For Marcia Jo Zerivitz's retirement dinner, her board wanted a big event at a hotel. She said no. She wanted to be with her "babies" -- all 100,000 of them.
That's the books, clothes, photos, posters, furniture and other items she and her staff have gathered at the Jewish Museum of Florida, where she has worked as director since its birth in 1995. She says goodbye on Sept. 28, the eve of Rosh Hashana, the Jewish New Year.
"Every time I look at a photo or artifact, I remember the people I went to in order to get them," says Zerivitz with her signature blend of idealism, marketing skill and motherly pride. "All these facts and photos and artifacts are my babies."
To collect them, she traveled 200,000 miles for eight years, leafing through albums, hearing family histories. They then found a home at the former Beth Jacob, the first synagogue on Miami Beach.
Before JMOF, and its precursor exhibition known as Mosaic, many Florida Jews thought their forebears didn't go back much before World War II. Now they know of a heritage that goes back to the 18th century, when the region was opened to Jews for the first time.
"We're in the memory business; we retrieve Jewish memory," she says. "The most important thing for Jewish people is continuity. We're making sure there will be a next generation of Jews."
As word has spread about Zerivitz's retirement, the honors have started. The Miami Beach City Commission proclaimed Sept. 14 in her honor. And on Friday, the Florida Association of Museums gave her a Lifetime Achievement Award at its annual conference in Tampa. Her retirement party at the musuem is Oct. 23.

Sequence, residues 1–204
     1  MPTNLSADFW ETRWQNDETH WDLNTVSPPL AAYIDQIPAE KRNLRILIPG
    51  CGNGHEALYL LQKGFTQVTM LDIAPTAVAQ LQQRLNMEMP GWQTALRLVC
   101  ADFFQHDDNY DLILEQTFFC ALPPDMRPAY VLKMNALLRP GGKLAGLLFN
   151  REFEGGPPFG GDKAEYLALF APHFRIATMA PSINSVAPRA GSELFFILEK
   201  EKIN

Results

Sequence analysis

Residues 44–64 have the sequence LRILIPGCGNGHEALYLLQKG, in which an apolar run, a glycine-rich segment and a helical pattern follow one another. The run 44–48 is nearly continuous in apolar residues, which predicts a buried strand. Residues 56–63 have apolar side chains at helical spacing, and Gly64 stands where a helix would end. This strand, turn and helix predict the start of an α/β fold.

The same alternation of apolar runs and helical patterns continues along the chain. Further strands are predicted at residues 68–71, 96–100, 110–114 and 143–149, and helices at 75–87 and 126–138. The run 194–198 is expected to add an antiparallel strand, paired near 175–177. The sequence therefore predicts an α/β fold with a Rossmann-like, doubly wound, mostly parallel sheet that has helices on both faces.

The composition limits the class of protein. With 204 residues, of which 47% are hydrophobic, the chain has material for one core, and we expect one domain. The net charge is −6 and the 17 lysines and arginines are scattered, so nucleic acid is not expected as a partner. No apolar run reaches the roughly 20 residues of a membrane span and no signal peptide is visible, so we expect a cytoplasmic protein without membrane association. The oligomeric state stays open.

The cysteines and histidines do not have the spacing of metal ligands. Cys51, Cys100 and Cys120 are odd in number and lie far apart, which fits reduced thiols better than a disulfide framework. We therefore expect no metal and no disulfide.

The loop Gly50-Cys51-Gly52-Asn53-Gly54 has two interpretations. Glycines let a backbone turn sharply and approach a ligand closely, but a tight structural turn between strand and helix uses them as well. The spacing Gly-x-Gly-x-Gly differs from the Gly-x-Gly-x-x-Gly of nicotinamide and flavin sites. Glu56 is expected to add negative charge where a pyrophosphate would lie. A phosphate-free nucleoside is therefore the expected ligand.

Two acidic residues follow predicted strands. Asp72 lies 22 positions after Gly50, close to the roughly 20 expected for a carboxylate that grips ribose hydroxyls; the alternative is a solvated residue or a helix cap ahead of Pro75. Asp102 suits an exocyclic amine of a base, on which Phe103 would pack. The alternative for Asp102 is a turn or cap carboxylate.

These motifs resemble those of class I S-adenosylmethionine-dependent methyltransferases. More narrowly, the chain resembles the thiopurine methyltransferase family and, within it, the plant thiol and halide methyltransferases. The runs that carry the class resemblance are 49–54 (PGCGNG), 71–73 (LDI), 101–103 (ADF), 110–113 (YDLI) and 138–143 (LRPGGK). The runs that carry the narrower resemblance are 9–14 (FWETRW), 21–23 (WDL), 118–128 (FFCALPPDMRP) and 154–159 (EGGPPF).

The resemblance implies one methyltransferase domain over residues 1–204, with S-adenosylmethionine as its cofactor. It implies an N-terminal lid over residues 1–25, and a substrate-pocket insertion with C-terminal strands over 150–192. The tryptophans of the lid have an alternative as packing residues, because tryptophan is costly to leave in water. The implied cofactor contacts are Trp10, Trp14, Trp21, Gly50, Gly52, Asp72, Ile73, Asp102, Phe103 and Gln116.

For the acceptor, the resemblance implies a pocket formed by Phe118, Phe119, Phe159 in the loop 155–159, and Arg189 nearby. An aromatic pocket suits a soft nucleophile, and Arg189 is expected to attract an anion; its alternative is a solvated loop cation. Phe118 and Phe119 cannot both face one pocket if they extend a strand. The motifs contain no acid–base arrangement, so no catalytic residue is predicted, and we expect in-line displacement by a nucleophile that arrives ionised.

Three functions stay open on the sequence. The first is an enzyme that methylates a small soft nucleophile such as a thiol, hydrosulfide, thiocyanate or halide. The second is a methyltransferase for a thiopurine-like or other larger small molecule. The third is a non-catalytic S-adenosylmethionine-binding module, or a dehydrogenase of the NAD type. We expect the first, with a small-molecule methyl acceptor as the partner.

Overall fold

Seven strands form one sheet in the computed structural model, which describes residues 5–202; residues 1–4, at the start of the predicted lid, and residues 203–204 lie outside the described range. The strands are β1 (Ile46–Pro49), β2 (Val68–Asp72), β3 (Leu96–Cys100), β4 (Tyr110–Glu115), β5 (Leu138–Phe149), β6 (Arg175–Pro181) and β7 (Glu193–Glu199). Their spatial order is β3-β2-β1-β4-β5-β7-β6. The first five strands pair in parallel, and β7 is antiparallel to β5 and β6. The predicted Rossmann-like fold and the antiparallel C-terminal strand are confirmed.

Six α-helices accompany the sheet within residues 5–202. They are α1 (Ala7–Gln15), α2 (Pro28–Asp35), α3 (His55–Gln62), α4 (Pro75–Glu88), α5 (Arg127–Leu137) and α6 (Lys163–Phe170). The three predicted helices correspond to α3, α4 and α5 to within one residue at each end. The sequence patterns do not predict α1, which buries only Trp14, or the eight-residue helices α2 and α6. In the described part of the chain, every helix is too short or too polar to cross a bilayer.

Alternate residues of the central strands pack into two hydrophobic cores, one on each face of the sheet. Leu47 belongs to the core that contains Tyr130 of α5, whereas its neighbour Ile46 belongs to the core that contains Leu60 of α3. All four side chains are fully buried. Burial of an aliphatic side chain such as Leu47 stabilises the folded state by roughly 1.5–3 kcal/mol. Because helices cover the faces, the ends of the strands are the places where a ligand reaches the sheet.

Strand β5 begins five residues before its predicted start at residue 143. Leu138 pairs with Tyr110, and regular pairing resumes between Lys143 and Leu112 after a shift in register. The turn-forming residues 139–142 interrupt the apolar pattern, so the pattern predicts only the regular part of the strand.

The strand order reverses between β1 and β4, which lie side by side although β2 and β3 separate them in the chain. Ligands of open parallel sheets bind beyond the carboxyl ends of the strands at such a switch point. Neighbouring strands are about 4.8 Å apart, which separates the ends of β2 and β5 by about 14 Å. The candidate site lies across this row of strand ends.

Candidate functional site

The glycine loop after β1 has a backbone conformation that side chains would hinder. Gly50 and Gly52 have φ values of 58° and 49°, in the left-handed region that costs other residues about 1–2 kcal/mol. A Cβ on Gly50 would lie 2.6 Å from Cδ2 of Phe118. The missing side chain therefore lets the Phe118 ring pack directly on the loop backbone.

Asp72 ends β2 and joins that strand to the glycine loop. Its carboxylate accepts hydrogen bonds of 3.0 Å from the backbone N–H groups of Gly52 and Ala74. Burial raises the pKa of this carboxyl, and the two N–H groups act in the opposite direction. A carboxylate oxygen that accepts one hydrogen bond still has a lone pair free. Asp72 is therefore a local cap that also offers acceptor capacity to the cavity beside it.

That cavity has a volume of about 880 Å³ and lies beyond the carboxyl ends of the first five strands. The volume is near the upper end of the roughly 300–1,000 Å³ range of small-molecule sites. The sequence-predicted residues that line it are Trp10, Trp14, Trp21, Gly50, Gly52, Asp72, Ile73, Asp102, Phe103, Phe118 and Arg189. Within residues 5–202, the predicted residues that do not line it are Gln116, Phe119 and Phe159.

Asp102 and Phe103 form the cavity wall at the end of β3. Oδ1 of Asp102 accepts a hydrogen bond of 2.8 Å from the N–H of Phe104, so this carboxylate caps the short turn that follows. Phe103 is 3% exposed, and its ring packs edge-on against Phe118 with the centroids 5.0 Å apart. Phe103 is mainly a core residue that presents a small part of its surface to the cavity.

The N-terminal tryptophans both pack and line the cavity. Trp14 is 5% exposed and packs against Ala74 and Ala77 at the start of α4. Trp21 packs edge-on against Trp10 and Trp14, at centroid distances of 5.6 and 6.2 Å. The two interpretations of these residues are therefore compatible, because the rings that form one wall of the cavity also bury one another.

"A dynamo, a force, with more energy than any three people I know," says Laura Hochman of Boca Raton, who helped foster the exhibition that grew into the museum. "Without her, we would have had a small exhibit at the JCC. It would have never reached the scope or magnitude of what happened."
Conceived in Broward
If JMOF was born on the Beach, it was conceived in the Broward suburbs. Around 1983, Hochman and others at the Soref Jewish Community Center in Plantation decided on a historical project about famous Jews from Florida.
"So much of our Jewish population hasn't been born in Florida," says Abe Gittelson, retired director of the Central Agency for Jewish Education. "They know about Jewish life in the Northeast, but not the history of the Jewish community in Florida."
With seed money from the Florida Endowment for the Humanities, and scholary guidance from Henry Green of the University of Miami, they traveled the state to gather information and raise interest. They finally decided they needed someone fulltime.
They chose Zerivitz, at the time the campaign director at the Jewish Federation of Greater Orlando. She had already worked with groups like Hadassah, Israel Bonds and United Jewish Appeal. She also worked five years as associate executive director at the Orlando federation.
Zerivitz needed all her gifts for Mosaic, the original history project. Starting in 1985, she roamed the state for eight years, finding items, learning histories, typing facts into a 512k Mac.
"It wasn't meant to be a portable computer, but it was for me," she says with a smile. "We were truly wandering Jews back then."
Although she visited 30 cities, she never stayed in a hotel. Whenever local Jews heard she was coming, they invited her to stay with them. Then they'd look through family albums together.
"That was one of my greatest joys," Zerivitz says. "To me, history is people. Everyone's life is a story."
The exhibition opened in 1990 at the Historical Museum of Southern Florida in Miami, then traveled to 12 cities. Each venue included a local exhibit, showing the immigrant experience there.
As the three-year tour was winding down, its board started to worry. Where would the 500 items go? Orlando, Tampa, Jacksonville?